• Mon. Dec 4th, 2023

BOU Says the Value of Loan Applications Drop to UGX 3.8 Trillion

UGANDA, Kampala | Real Muloodi News | In the quarter up to February, the value of both loan applications and approvals reduced, showing a drop in credit demand and supply, the Daily Monitor reports.

According to the April 2021 monetary policy report, the Bank of Uganda says the value of loan applications dropped to USh 3.8 trillion from USh 4.5 trillion reflecting less desire for credit. The Daily Monitor reports that because of risk aversion by commercial banks, the value of loan approvals fell from USh 2.6 trillion to USh 2.5 trillion.

Personal and household loans continued to take up the largest share of loan applications and approvals, with trade, construction, and real estate following closely.

In the quarter of December 2019, all categories recorded levels below the value of loan applications and approvals compared to the USh 7.6 trillion and 4.8 trillion recorded before Covid-19, the Daily Monitor reports.

The contraction came when Bank of Uganda indicators noted an improvement in the business environment in the quarter that ended March.

According to the monetary policy report, in the last two quarters, the Market Purchasing Managers’ Index (PMI) rose to 53.2 in March, from 51.2 in February, showing an increase in new orders and output. This was the second month in a row that the PMI rose, boosting confidence among business owners hoping that the economy will continue to grow over the next 12 months.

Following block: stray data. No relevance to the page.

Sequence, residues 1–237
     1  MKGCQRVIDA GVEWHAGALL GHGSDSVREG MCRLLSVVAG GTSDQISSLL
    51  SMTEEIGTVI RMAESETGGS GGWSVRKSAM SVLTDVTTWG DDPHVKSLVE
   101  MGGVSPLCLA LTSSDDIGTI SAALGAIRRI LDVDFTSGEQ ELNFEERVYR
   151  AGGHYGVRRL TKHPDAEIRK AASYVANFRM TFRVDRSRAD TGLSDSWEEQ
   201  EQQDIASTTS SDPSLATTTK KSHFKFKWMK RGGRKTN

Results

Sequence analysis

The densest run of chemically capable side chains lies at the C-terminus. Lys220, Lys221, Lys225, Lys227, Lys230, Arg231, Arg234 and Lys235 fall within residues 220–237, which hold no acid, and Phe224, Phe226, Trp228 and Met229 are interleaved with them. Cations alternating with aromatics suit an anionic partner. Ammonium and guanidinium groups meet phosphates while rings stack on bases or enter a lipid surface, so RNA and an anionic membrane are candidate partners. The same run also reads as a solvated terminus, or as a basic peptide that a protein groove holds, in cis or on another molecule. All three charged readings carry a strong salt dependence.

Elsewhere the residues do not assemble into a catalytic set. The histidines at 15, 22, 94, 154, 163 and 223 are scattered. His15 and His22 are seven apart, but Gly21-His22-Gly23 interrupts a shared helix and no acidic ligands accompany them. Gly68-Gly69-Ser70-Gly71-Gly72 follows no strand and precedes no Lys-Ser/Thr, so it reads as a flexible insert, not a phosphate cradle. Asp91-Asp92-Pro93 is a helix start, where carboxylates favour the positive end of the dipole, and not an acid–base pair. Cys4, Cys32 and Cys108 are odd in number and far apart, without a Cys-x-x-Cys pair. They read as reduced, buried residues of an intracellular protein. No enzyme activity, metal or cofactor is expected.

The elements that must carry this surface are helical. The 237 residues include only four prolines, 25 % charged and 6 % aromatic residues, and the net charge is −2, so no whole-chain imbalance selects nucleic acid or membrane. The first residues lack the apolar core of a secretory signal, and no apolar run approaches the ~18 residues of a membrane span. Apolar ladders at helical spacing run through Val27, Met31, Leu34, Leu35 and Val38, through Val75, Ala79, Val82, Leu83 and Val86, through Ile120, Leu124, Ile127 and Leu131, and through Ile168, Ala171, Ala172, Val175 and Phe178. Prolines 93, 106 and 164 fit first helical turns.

The Central Bank observed that Uganda Development Bank (UDB) loans increased from USh 469 billion in November 2020 to USh 547 billion in February 2021. UDB has been lifting the economy by lending to critical sectors such as Agro-processing, manufacturing and primary agriculture sub-sectors.

As of February 2021, the stock of restructured loans was at USh 8.2 trillion, with USh 4.6 trillion still outstanding. This means that since April 2020, credit relief measures have benefited 46.9% of loans in the banking industry.

The Central Bank further noted that lending rates fell sharply in December 2020 and January 2021 because of large credit extensions to top clients in the telecom sub-sector, the Daily Monitor reports.

Since February, interest rates have been growing with the highest 22.9% in agriculture, 22.5% in services and building, and 20.8% in real estate sub-sectors.